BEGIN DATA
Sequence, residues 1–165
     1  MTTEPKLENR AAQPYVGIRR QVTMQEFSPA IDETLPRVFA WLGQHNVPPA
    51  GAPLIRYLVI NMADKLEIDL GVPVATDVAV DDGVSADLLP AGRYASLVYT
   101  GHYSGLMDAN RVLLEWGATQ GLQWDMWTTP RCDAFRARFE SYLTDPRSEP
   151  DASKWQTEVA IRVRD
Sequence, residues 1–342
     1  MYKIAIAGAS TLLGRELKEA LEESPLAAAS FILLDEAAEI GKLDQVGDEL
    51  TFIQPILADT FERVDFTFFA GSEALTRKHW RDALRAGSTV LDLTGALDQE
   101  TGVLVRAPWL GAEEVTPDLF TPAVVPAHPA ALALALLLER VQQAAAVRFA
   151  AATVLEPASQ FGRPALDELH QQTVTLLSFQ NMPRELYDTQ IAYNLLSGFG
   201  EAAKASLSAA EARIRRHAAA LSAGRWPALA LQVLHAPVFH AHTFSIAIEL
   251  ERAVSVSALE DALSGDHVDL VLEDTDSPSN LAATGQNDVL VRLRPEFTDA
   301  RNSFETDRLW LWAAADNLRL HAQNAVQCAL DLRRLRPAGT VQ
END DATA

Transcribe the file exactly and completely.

Sequence, residues 1–165
     1  MTTEPKLENR AAQPYVGIRR QVTMQEFSPA IDETLPRVFA WLGQHNVPPA
    51  GAPLIRYLVI NMADKLEIDL GVPVATDVAV DDGVSADLLP AGRYASLVYT
   101  GHYSGLMDAN RVLLEWGATQ GLQWDMWTTP RCDAFRARFE SYLTDPRSEP
   151  DASKWQTEVA IRVRD
Sequence, residues 1–342
     1  MYKIAIAGAS TLLGRELKEA LEESPLAAAS FILLDEAAEI GKLDQVGDEL
    51  TFIQPILADT FERVDFTFFA GSEALTRKHW RDALRAGSTV LDLTGALDQE
   101  TGVLVRAPWL GAEEVTPDLF TPAVVPAHPA ALALALLLER VQQAAAVRFA
   151  AATVLEPASQ FGRPALDELH QQTVTLLSFQ NMPRELYDTQ IAYNLLSGFG
   201  EAAKASLSAA EARIRRHAAA LSAGRWPALA LQVLHAPVFH AHTFSIAIEL
   251  ERAVSVSALE DALSGDHVDL VLEDTDSPSN LAATGQNDVL VRLRPEFTDA
   301  RNSFETDRLW LWAAADNLRL HAQNAVQCAL DLRRLRPAGT VQ